Ambassadors

My journey as a midwife

Swisse
December 12, 2018

Daisy Pearce shares her experiences, insights and challenges faced as a practicing Midwife.

Is there anything Daisy Pearce can’t do? Daisy wears many capes from AFLW superstar, multitasking midwife and much-loved media personality. She has also recently announced that she is pregnant…with TWINS! We sat down with our Swisse Ambassador to hear all about her experiences as a midwife and how her midwifery career has shaped and changed her outlook on life.

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What made you want to become midwife?

My mum had my youngest brother and sister when I was old enough to be involved and intrigued by her pregnancy, birth and the newborn period - so I was fascinated in it from a young age. As I went through high school I decided I wanted to work in health care and the idea of working with women and their families and trying to be a positive influence during one of the most special but also most vulnerable times in their lives really appealed to me. The job is more than I imagined it to be back then. It can be so rewarding, joyful, challenging, unpredictable and sad (sometimes all in the one day) but I love it and am so grateful for the experiences I’ve had so far in my career.

How long have you practiced?

I was at university for four years and have been a qualified/practicing midwife for eight years now.

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Has your midwifery knowledge and skills helped with your own pregnancy journey?

Yes, I feel like it has helped in some ways. Mostly in a theoretical and practical sense; knowing how to navigate the health care system, what tests and checks should be done when and where, having some knowledge of what the normal physical changes are and how to manage them. But theoretical and intellectual understanding is one thing; the emotional and psychological experience is another and no amount of study or practice can truly prepare you for your own experience through pregnancy and I’m sure birth and motherhood. I’ve discovered that being a midwife doesn’t exclude you from the fears and anxious moments or changes to your role and identity that come with pregnancy and contemplating being a mother.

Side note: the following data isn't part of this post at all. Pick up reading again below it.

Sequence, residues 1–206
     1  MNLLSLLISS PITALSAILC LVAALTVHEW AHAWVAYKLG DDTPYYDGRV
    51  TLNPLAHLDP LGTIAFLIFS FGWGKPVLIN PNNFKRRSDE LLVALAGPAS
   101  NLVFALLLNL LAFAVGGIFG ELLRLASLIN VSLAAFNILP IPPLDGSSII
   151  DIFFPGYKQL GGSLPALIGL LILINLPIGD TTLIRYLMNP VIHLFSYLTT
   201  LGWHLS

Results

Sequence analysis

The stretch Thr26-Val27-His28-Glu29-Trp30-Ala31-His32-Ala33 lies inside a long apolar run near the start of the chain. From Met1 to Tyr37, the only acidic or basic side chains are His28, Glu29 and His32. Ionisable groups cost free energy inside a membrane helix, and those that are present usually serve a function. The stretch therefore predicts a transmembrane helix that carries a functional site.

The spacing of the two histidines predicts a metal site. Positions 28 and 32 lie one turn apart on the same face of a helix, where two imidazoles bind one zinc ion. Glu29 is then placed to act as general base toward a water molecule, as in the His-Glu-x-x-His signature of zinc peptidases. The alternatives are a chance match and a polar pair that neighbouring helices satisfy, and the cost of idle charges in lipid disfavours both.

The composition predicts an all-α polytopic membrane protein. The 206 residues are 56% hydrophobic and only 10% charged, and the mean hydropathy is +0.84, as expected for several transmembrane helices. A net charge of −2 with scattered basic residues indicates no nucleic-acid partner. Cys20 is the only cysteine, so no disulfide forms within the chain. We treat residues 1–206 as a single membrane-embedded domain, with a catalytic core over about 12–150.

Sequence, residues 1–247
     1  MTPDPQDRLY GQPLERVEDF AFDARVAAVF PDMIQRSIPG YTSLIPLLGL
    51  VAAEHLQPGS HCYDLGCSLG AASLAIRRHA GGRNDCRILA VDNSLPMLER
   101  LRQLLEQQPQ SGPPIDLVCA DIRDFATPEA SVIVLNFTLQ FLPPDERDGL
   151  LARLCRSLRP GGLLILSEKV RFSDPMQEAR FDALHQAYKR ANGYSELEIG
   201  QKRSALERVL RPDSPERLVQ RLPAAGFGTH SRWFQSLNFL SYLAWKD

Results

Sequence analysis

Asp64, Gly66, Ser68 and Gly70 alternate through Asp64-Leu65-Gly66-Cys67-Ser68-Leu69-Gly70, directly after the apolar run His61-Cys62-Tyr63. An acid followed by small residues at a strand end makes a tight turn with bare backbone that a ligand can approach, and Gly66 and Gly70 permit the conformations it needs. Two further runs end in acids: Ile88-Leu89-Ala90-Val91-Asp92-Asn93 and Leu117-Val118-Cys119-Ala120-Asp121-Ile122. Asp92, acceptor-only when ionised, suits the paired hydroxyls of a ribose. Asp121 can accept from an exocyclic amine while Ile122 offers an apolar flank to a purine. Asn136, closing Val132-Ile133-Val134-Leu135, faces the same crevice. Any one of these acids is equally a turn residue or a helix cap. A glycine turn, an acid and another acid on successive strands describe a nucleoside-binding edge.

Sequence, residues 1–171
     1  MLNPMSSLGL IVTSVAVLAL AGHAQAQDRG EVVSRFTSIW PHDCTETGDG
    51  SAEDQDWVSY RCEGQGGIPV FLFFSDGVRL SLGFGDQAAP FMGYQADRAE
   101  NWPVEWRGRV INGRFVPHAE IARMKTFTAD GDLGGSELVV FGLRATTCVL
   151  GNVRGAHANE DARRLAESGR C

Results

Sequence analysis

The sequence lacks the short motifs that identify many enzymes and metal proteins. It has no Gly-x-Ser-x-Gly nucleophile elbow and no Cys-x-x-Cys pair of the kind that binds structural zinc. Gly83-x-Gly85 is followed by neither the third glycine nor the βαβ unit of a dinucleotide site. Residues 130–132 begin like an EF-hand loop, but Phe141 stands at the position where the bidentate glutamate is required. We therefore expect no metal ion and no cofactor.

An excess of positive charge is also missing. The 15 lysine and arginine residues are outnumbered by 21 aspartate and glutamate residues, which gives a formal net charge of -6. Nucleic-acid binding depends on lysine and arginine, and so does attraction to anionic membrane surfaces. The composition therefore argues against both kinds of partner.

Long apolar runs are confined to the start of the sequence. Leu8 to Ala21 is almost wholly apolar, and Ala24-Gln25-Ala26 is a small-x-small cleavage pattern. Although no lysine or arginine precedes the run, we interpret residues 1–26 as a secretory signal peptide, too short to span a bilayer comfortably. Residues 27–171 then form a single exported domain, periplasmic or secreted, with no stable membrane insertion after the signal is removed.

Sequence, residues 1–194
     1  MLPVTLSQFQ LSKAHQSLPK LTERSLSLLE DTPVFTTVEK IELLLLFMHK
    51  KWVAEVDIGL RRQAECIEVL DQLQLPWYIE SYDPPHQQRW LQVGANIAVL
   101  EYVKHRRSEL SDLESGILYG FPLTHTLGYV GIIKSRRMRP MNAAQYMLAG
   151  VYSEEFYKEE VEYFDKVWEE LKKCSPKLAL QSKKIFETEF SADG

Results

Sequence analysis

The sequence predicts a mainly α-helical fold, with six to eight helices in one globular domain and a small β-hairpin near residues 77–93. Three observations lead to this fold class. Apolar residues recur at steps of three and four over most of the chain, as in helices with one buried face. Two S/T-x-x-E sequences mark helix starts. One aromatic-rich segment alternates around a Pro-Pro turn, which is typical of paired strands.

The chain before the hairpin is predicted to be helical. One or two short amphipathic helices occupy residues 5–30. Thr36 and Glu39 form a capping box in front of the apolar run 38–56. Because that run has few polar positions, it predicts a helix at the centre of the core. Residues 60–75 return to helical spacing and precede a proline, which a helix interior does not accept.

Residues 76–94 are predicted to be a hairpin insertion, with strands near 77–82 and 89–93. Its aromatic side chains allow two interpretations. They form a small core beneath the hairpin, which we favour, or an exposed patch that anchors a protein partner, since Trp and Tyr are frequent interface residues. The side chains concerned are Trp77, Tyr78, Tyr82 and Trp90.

Have you experienced any challenging moments as a midwife?

Plenty! Ultimately your job is to care for and help guide women and their families through what is one of the most important and intense times in their lives and their experience lays the foundations for their whole parenting experience and the rest of their lives; it is emotionally charged and the stakes are high. I’ve noticed there is a bit of a misperception around the role of a midwife; some think our role is to help care for and cuddle babies and be an assistant to the medical team but we actually work with a lot of autonomy throughout the entire pregnancy, birth and postpartum period and have to constantly draw on our own skills and clinical judgement to ensure women and babies are safe and well informed to make decisions so that their experience is a positive one.

Pregnancy and childbirth can be an unpredictable time so amongst all the excitement and joy a new baby can bring, unfortunately sometimes things can divert from the original plan. Women can become unwell, sometimes quickly and unexpectedly, and despite improvements in our knowledge and understanding of what can put babies at risk we still lose some and sometimes without any warning or anything we could have done to prevent it. Those days are extremely challenging, for the families first and foremost but also for those of us looking after them.

What do you enjoy most about your job?

I love meeting people from all walks of life and cultures. It is such a privilege to play a small role in such precious moments in people’s lives. I love that I have an opportunity to impact their experience in a positive way. I always remind myself to never take that for granted.

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